By Phyllis Singer
One of the wonderful things about living in Israel – especially in Jerusalem – is the ever-present feeling that we are living in the land of the Bible, the land where our forefathers lived, the land where they walked, where they prayed, where they went to the Beit Hamikdash (the Holy Temple).
We live in the suburb of Talbiyeh, not very far from the Old City. Only a few blocks from our apartment there is a clear view to the Temple Mount – today dominated by the Muslims’ Dome of the Rock and Al Aksa Mosque – but several thousand years ago the home of the First and Second Temples. There Jews went to pray, and the priests (the kohanim) carried out the rituals primarily described in the Book of Leviticus.
The Book of Exodus describes in detail the garments that the priests wore – first when they served in the Tabernacle as the Jews wandered in the desert for 40 years and then when they served in the First and Second Temples in Jerusalem. G-d commanded Moses about the garments of the priests and the high priest: “On the hem [of the high priest’s robe] … a gold bell and a pomegranate, all around. It must be on Aaron in order to minister. Its sound shall be heard when he enters the sanctuary before G-d and when he leaves.” (Exodus 28: 34)
Sometimes the words of the Chumash (The Five Books of Moses) seem remote, but sometimes they come alive and jump off the pages. These words from Exodus vividly came alive at the end of last month when archaeologists working at an excavation in the City of David, just outside the walls of the Old City, discovered a tiny golden bell in a drainage channel.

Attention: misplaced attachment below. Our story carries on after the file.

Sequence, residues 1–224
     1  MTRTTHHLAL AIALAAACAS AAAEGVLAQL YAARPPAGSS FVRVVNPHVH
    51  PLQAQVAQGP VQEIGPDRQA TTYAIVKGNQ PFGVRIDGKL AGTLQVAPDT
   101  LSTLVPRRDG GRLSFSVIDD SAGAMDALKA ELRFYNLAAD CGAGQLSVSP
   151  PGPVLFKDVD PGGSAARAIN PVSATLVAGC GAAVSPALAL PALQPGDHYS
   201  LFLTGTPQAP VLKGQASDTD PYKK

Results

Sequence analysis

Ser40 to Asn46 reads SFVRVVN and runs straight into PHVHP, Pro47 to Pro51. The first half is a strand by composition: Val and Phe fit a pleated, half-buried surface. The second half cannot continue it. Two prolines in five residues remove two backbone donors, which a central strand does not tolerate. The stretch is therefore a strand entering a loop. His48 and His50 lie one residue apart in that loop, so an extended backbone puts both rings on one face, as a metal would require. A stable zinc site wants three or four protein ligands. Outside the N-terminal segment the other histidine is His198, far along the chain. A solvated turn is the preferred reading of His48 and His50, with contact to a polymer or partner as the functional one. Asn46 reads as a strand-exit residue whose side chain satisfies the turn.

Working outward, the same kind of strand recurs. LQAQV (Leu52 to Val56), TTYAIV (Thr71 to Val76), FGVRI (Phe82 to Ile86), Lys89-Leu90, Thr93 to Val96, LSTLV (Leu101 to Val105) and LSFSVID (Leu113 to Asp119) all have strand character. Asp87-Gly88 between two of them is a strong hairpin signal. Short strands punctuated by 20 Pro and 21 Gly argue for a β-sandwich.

Archaeologists Eli Shukron of the Israel Antiques Authority and Professor Ronny Reich of Haifa University identified the bell as coming from the final period of the Second Temple, which was destroyed in 70 CE. “The bell looked as if it was sewn on the garment worn by a man of high authority in Jerusalem at the end of the Second Temple Period,” they said.
Perhaps that “man of high authority” was a high priest. From the Chumash and other sources, we know that the robe of the high priest had little gold bells on it. The archaeologists have not ruled out that possibility.
The archaeologists believe that the bell must have fallen from the man’s garment as he walked in the area of the drainage channel. “The bell was exposed in the city’s main drainage channel of that period, between the layers of dirt that had been piled on the floor of the channel,” they explained. “This drainage channel was built and hewn west to the Western Wall of the Temple Mount and drained the rainfall in the different parts of the city, through the City of David and the Shiloah Pool to the Kidron valley.”
When Shukron shook the golden bell at a press conference, a faint metallic sound was heard.
The excavation area, including the drainage channel, which historians think Jewish rebels used to flee the Roman legionnaires who razed Jerusalem and its Temple in 70 CE, is set to open to the public later this summer.
Phyllis Singer, former editor/general manager of The American Israelite, and her husband, Allen, can be reached by e-mail at firstname.lastname@example.org. She and Allen always enjoy hearing from Cincinnatians visiting Israel.